Bill Hader gif of him saying "Let's pump the brakes"

Make a Plan

Before starting to work on anything, make a strategic plan. What does that mean? Pull out a calendar/agenda/planner, pull out/up all of your classes' syllabi, and mark down everything required of you during the entire semester. You are going to have a difficult time balancing the requirements of all of your classes if you don’t know when things are happening. College is meant to teach personal responsibility along with everything else, and time management falls under this category.

The worst thing you can do is short-change yourself with time. Unfortunately, no one has discovered a way of regaining lost time, so you need to plan and plan well. Only you know how long an activity is going to take. Give yourself the proper amount of time. You will thank yourself later when multiple things start needing your attention simultaneously.

Okay, now we can tackle writing.

Lisa Simpson gif: she complains, "Writing is the hardest thing ever!"

The Three Phases of the Writing Process

We are going to split the process down into three overarching phases:

  1. The Thinking Phase: Reading Comprehension and Organizational Thinking. This section includes: reading space, active reading, note-taking and annotation, understanding the assignment, brainstorming, critical thinking, and skimming.
  2. The Writing Phase: A Comprehensive Guide to the Writing Process
    1. Breaking Down the Essay. This section includes: outlining, thesis statements, active vs. passive voice, topic sentences, argumentation, paragraph structure, introductions, and conclusions.
    2. Finding the Evidence. This section includes: how to find the right quote for evidence, block quotes, quotation integration, analyzing quotations, an overview for scene analysis, and paraphrase.
    3. Decoding Academic Language. This section includes understanding scholarly language, comprehending and incorporating academic sources, character analysis, explanation of different types of college essays (analytical/rhetorical analysis/argumentative/comparative), close reading, and deductive vs. inductive reasoning.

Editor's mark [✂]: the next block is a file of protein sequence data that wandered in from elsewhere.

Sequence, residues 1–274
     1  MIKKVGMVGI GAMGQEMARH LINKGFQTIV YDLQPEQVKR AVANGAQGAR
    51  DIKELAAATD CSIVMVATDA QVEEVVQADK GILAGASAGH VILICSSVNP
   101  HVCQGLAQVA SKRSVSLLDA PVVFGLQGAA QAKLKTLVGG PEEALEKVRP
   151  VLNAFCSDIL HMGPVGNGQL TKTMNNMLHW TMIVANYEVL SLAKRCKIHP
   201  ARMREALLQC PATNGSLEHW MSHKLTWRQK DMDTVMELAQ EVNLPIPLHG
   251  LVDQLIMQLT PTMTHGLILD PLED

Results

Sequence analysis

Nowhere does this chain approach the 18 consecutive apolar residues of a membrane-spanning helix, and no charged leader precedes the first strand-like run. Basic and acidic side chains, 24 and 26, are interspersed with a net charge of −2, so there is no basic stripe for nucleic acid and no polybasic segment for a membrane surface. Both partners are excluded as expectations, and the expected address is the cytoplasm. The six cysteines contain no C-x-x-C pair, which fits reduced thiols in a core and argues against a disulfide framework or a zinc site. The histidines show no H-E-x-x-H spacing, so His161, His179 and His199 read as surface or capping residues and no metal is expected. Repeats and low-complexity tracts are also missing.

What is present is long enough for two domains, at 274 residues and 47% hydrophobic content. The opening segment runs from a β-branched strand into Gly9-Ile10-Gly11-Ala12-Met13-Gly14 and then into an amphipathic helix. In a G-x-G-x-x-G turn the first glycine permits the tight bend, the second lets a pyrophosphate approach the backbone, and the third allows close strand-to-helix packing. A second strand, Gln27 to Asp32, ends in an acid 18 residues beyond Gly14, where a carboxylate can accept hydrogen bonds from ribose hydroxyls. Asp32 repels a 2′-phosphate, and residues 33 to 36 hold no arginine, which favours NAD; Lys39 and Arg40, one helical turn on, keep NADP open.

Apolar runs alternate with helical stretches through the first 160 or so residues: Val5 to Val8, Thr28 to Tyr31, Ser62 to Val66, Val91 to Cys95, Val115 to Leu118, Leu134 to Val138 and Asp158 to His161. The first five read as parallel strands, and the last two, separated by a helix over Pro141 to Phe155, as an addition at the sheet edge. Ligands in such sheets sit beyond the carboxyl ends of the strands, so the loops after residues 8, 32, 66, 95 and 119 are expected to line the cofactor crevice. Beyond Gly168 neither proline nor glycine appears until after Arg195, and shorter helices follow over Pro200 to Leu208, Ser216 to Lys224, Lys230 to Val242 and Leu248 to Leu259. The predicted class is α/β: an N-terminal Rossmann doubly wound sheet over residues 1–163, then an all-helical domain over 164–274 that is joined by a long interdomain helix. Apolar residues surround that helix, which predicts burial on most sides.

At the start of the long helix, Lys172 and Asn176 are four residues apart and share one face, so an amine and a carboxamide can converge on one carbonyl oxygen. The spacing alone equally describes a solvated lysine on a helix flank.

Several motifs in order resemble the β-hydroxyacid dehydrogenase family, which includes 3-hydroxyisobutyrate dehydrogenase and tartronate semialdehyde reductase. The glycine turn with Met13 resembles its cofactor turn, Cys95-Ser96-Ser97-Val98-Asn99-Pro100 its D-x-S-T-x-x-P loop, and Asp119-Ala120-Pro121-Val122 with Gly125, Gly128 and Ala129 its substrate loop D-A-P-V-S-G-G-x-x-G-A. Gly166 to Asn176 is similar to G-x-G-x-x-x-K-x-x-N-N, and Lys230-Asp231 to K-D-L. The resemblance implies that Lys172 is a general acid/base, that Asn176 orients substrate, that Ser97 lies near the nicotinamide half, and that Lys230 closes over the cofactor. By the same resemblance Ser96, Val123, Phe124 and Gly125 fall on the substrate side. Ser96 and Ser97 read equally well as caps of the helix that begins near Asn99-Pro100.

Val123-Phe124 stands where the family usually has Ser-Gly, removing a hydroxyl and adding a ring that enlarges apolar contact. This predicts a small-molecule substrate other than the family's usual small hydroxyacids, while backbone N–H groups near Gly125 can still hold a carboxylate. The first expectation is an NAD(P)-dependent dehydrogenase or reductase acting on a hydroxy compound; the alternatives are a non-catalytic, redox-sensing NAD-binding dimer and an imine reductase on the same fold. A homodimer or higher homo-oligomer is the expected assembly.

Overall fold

4. Research. This section includes Brainstorming an Idea, Searching for Sources, Creating an Argument, Drafting the Assignment, and Revising the Final Draft as well as a curated list of resources provided by the library and video essay examples.
  3. The Editing Phase
    1. Revising the Final Draft from our Research resources that we outlined above.
    2. Grammar Resources. This page includes curated resources for verbs, punctuation, word choice, and a few additional grammatical aids.
    3. Proofreading and Editing Resources. This is a curated page of resources to help with editing your paper.

Gif from Letterkenny: one character sitting leaned back in a chair, says, "Nice execution." The second character standing, says, "You're doin' terrific."

Writer’s Block

I know it might sound stupid, but even if you don’t know what to write, the act of writing itself will help generate ideas. Next time you get stuck, just start writing anything that comes to mind. Describe the room you are in; break down the plot of the text you are working with; you can even just write out that you don’t know what to write. Literally, write out "I don’t know what to write". Just write something. Eventually, your brain will kick back into gear. Be aware, this could take time – even up to an hour – so don’t get discouraged. Just keep writing.

Course-Specific Resources

  • Writing in the Majors: The Writing Center has compiled a page with writing resources tailored to the available majors. By clicking on the corresponding major, students will also be able to identify an approximation of how much writing could be required as well as the types of writing assignments in any class.

Additional Resources

  • Writing Resources: This will take you back to the prior page where we have curated lists of resources for students to utilize.
  • Citation Style Resources: This page covers the main citation styles (MLA, APA, Chicago) as well as contains resources for a few others. If the citation style you need is not on this page directly, please check out Writing in the Majors for your specific major. We should have the proper citation styles listed therein; if we don't, let us know.
  • Formatting Resources: This pages helps you setup Microsoft Office as well as Google docs. We have also included MLA and APA downloadable documents for convenience.
  • Online Writing Tutoring: This page provides directions on how to get remote tutoring assistance through our center as well as Smarthinking and Grammarly.